In a double-blind trial, 220 patients with acute allergic conditions (43% with hay fever, most others with asthma), received an injection of either triamcinolone 40mg or dexamethasone 8mg, while continuing any symptomatic treatment (e.g. decongestants or antihistamine) or antibiotic therapy.9 Whether treatments were randomly assigned is unclear from the trial report. Triamcinolone and dexamethasone appeared similarly effective in alleviating features of allergic disease (74% of those on triamcinolone vs. 66% on dexamethasone had a 'good' or 'excellent' response). Clinical benefits began within 8 hours for around two-thirds of those who received either drug, and in most of these lasted for less than 4 days. No subgroup results were reported for the patients with hay fever.
Evidence from other studies
In an uncontrolled study involving 50 patients with hay fever (severe in about 50%), treatment with a single 80mg dose of intramuscular triamcinolone at symptom onset was associated with complete or partial relief of symptoms in 94% of people within 3 days.10 Treatment benefit lasted throughout the season in 26% of patients, 1-2 months in 52%, 1 month in 20% and 1 week in 2%. In another uncontrolled study, 418 patients with a variety of allergic disorders (including asthma, bronchitis, rhinitis and sinusitis) were given a single triamcinolone injection in doses of 40-100mg.11 The average duration of effect was around 40 days.
No study has compared triamcinolone injection with oral or intranasal corticosteroid therapy in hay fever alone.
Triamcinolone given intramuscularly might cause any of the unwanted effects of systemic corticosteroids. These include suppression of the hypothalamo-pituitary-adrenal (HPA) axis, osteoporosis, menstrual irregularity, glucose intolerance and increased susceptibility to infection. There is a marked lack of controlled trial data on the likelihood of such effects when triamcinolone injections are used to treat hay fever.
In a randomised, double-blind trial, 97 patients with hay fever or vasomotor rhinitis were given a single intramuscular injection of either triamcinolone 40mg or placebo.8 In all, 2 out of 38 patients who were given triamcinolone complained of menstrual disturbance and 2 others reported local tenderness after injection.
Indirectly-relevant data regarding repeated administration come from a randomised double-blind cross-over study of 20 patients (12 women) with severe chronic asthma treated with intramuscular triamcinolone 80mg once every 4 weeks or with oral prednisolone 10mg daily for 24 weeks.12 In all, 18 of the 20 (90%) patients treated with triamcinolone reported unwanted effects compared with 12 of 20 (60%) on prednisolone; no statistical analysis of these results was reported. The most common effects were muscle aching and weakness (6 patients with triamcinolone vs. 2 with prednisolone), and rash (5 vs. 2, respectively). In all, 3 out of 4 premenopausal women developed amenorrhoea or menorrhagia on triamcinolone compared with none on prednisolone. One postmenopausal patient developed vaginal bleeding after receiving two triamcinolone injections.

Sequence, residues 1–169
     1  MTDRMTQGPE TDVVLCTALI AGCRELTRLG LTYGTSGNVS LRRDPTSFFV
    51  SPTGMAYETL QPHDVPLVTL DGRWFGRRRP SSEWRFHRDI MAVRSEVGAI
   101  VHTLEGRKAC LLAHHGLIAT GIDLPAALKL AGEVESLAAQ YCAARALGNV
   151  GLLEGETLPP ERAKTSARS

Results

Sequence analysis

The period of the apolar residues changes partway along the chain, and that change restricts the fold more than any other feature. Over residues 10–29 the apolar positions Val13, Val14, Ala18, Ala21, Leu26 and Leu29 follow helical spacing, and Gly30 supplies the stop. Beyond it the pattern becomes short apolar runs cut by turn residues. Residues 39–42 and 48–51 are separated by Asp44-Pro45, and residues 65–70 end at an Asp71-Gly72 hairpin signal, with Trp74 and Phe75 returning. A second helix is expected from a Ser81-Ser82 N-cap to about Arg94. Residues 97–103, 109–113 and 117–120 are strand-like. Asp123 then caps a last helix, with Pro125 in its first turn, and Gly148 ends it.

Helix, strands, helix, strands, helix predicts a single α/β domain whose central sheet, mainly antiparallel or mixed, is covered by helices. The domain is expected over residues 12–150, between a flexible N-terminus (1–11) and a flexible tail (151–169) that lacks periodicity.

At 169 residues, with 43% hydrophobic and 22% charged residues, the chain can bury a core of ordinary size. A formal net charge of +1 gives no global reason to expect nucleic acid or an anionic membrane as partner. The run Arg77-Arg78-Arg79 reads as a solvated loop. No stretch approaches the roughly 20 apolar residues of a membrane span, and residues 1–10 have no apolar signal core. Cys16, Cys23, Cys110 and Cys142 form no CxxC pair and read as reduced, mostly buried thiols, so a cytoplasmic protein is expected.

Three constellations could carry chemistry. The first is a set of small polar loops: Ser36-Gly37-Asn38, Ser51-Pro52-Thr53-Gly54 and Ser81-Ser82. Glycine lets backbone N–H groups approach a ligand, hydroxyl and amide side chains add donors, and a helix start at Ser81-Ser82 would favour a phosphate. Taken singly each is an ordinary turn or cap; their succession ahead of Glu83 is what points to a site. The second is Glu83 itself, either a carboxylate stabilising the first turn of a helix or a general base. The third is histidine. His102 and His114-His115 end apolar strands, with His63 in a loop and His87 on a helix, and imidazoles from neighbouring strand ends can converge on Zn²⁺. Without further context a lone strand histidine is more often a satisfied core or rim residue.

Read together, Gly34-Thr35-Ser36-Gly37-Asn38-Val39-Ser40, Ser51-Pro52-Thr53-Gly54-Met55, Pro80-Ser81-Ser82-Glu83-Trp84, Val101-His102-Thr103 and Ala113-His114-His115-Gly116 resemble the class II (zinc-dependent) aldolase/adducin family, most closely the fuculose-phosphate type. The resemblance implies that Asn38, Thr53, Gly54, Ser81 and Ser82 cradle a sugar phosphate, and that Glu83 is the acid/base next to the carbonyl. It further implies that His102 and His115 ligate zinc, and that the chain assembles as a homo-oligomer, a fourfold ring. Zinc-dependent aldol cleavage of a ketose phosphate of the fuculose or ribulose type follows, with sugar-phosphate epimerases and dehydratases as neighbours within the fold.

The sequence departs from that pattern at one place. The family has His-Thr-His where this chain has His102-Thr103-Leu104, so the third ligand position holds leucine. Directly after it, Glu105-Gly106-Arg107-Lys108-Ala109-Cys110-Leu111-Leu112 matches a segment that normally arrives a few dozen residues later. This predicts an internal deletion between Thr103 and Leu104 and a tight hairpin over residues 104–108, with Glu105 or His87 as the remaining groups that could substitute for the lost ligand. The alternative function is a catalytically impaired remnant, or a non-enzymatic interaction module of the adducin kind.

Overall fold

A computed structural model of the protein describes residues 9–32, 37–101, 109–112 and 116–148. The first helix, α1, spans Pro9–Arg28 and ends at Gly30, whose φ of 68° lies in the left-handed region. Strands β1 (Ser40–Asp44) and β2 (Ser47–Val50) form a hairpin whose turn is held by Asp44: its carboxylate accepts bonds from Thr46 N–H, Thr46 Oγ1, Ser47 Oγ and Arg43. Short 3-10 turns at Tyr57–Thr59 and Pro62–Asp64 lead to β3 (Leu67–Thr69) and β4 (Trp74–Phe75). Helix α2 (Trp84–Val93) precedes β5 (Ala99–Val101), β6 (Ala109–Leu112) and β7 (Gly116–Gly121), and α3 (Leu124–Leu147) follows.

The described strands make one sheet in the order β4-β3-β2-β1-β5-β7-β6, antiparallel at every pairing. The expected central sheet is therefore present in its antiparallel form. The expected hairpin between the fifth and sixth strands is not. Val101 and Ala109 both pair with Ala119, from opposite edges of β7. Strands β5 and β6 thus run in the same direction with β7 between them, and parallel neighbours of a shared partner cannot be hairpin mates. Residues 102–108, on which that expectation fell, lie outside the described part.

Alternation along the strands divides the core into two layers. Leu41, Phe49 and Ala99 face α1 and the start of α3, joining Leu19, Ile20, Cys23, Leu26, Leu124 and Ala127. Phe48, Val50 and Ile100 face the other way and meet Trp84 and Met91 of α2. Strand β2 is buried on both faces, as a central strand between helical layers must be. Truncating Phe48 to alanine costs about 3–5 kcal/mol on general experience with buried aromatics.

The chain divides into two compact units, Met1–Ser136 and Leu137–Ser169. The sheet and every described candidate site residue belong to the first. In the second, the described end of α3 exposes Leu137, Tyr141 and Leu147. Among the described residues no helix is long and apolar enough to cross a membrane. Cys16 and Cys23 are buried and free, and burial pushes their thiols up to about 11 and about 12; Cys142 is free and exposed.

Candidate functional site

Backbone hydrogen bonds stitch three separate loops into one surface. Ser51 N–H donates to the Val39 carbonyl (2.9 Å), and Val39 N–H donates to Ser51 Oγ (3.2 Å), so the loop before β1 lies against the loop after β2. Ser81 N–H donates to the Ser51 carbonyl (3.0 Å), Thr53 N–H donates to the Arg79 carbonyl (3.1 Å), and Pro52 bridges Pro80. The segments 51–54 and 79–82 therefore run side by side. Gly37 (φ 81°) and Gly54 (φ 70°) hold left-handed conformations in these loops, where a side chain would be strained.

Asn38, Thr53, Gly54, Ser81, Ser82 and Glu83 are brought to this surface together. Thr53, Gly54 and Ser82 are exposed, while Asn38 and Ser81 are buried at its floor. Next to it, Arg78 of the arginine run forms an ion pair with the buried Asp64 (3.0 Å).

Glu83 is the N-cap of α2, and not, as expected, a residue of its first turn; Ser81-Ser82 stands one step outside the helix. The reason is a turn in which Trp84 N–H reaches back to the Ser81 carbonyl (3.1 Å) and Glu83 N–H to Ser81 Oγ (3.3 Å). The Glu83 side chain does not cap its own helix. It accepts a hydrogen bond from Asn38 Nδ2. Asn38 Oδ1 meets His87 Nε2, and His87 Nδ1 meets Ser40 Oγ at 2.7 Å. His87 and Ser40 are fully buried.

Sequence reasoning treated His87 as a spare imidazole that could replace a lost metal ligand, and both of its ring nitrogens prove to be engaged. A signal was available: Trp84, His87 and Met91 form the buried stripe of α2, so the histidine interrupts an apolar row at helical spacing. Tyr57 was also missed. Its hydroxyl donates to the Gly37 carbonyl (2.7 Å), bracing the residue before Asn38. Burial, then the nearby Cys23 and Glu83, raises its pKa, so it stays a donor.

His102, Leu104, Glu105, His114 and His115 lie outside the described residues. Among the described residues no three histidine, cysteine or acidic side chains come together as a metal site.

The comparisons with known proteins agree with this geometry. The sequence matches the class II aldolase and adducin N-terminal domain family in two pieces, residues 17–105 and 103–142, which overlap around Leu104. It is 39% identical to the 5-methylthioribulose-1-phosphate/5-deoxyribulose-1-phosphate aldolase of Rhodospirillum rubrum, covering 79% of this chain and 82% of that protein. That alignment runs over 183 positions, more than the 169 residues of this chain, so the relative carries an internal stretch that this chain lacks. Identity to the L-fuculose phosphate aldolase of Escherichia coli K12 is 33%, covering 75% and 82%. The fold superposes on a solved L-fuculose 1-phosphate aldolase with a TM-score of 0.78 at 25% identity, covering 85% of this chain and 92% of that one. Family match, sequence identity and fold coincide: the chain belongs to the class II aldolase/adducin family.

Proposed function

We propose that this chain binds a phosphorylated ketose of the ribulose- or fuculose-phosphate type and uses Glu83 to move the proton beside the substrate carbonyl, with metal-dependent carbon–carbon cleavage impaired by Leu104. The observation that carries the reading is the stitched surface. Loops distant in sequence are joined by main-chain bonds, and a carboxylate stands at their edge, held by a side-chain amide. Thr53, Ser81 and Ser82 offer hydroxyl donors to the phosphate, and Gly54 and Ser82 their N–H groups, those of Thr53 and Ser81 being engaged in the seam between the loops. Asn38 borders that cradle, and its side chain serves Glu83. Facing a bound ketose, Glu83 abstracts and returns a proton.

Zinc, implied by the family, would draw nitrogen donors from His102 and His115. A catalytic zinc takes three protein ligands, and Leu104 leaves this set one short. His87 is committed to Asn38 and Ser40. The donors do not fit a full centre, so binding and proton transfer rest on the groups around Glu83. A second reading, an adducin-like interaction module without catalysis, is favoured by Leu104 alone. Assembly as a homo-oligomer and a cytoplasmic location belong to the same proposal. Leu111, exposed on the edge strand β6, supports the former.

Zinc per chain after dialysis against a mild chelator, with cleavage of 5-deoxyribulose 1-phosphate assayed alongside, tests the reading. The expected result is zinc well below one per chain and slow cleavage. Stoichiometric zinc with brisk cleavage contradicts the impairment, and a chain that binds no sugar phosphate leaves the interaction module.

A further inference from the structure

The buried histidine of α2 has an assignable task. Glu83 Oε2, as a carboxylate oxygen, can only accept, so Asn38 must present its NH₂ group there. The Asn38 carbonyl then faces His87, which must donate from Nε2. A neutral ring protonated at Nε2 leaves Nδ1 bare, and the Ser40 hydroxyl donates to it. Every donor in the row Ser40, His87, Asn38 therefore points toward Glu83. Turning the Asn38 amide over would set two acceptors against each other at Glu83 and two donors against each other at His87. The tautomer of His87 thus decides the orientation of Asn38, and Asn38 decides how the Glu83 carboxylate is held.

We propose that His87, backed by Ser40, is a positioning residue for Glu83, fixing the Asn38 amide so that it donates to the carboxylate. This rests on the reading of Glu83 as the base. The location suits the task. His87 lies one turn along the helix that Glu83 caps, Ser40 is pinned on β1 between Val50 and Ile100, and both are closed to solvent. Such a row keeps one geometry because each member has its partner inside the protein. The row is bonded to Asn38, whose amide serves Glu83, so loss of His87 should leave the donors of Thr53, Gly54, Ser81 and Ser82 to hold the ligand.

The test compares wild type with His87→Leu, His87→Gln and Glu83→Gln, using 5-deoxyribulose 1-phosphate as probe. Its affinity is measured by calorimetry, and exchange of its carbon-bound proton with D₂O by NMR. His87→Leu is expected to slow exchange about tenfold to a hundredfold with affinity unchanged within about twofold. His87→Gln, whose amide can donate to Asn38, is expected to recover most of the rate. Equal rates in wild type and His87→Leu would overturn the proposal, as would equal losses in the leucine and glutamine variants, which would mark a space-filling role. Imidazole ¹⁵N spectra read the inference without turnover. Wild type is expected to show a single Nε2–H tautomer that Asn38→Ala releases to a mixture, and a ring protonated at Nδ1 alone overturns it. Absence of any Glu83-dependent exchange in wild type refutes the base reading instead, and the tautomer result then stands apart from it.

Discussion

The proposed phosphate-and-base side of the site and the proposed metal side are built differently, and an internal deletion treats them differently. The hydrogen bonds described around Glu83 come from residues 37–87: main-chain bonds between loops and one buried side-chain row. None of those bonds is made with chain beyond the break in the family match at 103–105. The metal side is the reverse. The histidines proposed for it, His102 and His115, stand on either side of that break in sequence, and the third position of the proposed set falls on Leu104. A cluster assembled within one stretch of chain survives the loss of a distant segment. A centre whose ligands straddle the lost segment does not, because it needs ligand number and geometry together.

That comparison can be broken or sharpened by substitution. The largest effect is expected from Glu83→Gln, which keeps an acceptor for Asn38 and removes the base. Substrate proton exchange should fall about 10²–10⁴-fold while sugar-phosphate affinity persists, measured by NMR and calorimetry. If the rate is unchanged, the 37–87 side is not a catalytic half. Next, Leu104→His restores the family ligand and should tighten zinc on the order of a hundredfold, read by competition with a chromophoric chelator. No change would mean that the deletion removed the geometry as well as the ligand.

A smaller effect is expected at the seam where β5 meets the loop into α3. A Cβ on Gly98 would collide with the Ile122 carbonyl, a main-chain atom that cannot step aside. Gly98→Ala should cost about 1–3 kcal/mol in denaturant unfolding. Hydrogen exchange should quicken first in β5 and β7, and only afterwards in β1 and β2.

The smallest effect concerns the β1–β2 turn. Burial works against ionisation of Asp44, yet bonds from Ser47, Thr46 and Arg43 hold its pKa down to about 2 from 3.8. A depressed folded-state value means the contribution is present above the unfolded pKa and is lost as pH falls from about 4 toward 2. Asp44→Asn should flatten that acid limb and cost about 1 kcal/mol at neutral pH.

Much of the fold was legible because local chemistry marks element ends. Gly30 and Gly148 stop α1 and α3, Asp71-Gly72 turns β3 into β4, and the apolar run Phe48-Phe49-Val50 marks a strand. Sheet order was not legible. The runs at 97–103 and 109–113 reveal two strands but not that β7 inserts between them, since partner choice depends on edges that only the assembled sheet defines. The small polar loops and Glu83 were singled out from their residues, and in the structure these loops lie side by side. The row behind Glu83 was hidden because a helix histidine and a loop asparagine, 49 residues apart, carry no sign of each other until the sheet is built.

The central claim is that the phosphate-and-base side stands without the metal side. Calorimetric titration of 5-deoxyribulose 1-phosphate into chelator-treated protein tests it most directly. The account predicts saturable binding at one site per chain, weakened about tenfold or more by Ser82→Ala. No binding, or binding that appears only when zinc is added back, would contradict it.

Effects on adrenal function
In an uncontrolled study, 18 patients with hay fever (which had responded poorly to other treatments) received a single 80mg injection of triamcinolone.13 Estimations of basal cortisol concentration showed depression of the HPA axis, beginning within 24 hours of the injection. Within 3 weeks, basal cortisol concentrations had returned to the pretreatment levels. By contrast, following administration of prednisone 25mg twice daily for 5 days, HPA function in 10 healthy men returned to near-normal by 5 days later.14
In patients with severe hay fever, in whom there are compelling reasons to obtain symptom control (e.g. a wedding or exam), it is worth trying a brief course of oral prednisolone; this approach allows flexibility in dosing and the option to stop treatment if unwanted effects occur.
A single intramuscular depot injection of triamcinolone is likely to relieve hay fever symptoms. However, it is unclear for how long any benefit is likely to last, what unwanted effects might develop and how triamcinolone compares with standard therapy. Until there is clear evidence of its advantages over other hay fever treatments, including oral prednisolone, use of depot injections of triamcinolone is no longer acceptable. The licences covering this indication for triamcinolone and other depot corticosteroid injections should be reviewed.
[M=meta-analysis; R=randomised controlled trial]